The Immigrant review: a timely exploration of xenophobia
July 3, 2016
In the immediate aftermath of Brexit and the current debates surrounding immigration which are dominating British politics, Joy Gharoro-Akpojotor’s play The Immigrant could not come at a better time, offering a refreshing angle on immigration and Britain’s position in the world.
Set in the future, approximately one hundred years from now, in a world where Africa is a global leader, the African Union is the dominant political organisation and Britain and Europe have fallen into disarray, The Immigrant tells the story of Oliver, a white British asylum seeker desperate to be allowed into Africa to escape the troubles of his homeland. An interesting concept in itself, reversing the story of non-white immigrants trying to enter Europe, The Immigrant does much more than simply turning the familiar narrative on its head, probing into the root causes of xenophobia and racism and asking if, and how, such divisions can be overcome.
In the wake of Brexit, very much the result of scaremongering and generating fear about immigration and its effects on the UK, and the subsequent tide of racist, xenophobic attacks, Gharoro-Akpojotor’s play is so relevant and encourages conversations that Britain desperately needs to have if it is to move away from such a culture where hate for ‘outsiders’ is prevalent; questions like Why are people migrating to Europe and the UK? What are they escaping? Are they coming to Europe by choice or from necessity? How has the UK and the West contributed to the creation of asylum seekers from countries like Libya and Syria? How do immigrants feel when they are confronted by coldness and bigotry upon arrival to the UK?
Through Oliver’s character Gharoro-Akpojotor invites white British people, who automatically enjoy a privileged position because of their race and nationality, to put themselves in the position of those seeking better lives in the UK and wanting even just a portion of that privilege.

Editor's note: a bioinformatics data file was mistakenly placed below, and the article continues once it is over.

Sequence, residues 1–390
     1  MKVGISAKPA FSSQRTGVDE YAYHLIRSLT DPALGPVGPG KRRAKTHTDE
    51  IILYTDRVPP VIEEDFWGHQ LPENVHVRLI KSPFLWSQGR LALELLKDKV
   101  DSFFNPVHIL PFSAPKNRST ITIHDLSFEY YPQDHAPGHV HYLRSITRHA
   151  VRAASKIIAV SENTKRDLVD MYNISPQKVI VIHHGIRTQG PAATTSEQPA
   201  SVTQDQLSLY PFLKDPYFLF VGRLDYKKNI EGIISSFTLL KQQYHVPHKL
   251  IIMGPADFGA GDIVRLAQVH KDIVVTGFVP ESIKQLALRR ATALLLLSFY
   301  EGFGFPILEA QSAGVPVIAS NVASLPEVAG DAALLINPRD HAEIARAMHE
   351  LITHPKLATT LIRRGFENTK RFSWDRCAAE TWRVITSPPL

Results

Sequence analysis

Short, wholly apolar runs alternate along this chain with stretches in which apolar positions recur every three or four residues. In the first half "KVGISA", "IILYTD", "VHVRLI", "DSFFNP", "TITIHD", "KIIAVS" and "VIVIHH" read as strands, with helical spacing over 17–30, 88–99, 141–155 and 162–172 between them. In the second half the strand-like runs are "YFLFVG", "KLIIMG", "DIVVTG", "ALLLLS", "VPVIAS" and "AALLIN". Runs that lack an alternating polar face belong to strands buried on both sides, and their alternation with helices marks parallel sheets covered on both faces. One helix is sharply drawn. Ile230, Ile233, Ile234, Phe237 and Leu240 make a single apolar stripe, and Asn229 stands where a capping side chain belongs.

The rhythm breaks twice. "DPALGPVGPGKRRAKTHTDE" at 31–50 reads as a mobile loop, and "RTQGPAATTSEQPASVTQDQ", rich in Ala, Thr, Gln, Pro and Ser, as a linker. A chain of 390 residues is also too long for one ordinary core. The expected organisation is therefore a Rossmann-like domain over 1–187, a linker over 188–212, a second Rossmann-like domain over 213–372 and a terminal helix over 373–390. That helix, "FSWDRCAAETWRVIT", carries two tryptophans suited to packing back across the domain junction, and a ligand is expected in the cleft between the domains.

What is perhaps most frustrating about the current political discourse on immigration is that it is so one-dimensional and shallow. ‘Immigrants’ are discussed as if they are a homogeneous group and misconstrued as scroungers; the sweeping generalisations and misinformation surrounding immigration has given way to the anti-immigrant sentiment and xenophobia spread by the likes of UKIP and Nigel Farage. Constantly discussed in terms of numbers and lumped together under the term ‘immigrants,’ migrants are stripped of their humanity and individual identity. A Syrian doctor fleeing war as an asylum seeker, a Romanian builder, a wife who has come to join her husband, and a Spanish nurse who has come to the UK to work for the NHS are all one and the same – immigrant job stealers, benefits seekers (it is interesting and somewhat reflects the absurdity of much of the xenophobic commentary that immigrants are simultaneously brandished benefit scroungers and job-stealers) and a burden on British society – according to this over simplistic, divisive narrative. It is exactly this scapegoating and stigmatisation of immigrants which has led to the dehumanising of migrant communities, whereby Europe can stand by and let the ‘Calais Jungle’ grow and accept that there are children starving and freezing in make-shift homes in the heart of their ‘civilised’ society, whereby their deaths in significant numbers in boats crossing the oceans seems to be accepted as the new norm. Katie Hopkins (although known for having ridiculous, bigoted views) saying that she “doesn’t care” if immigrants die and referring to them as “cockroaches,” a sickening echo of the dehumanising language which fuelled the Rwandan genocide, is an extreme expression of the xenophobia and desensitisation to migrants’ suffering and which is prolific throughout the UK.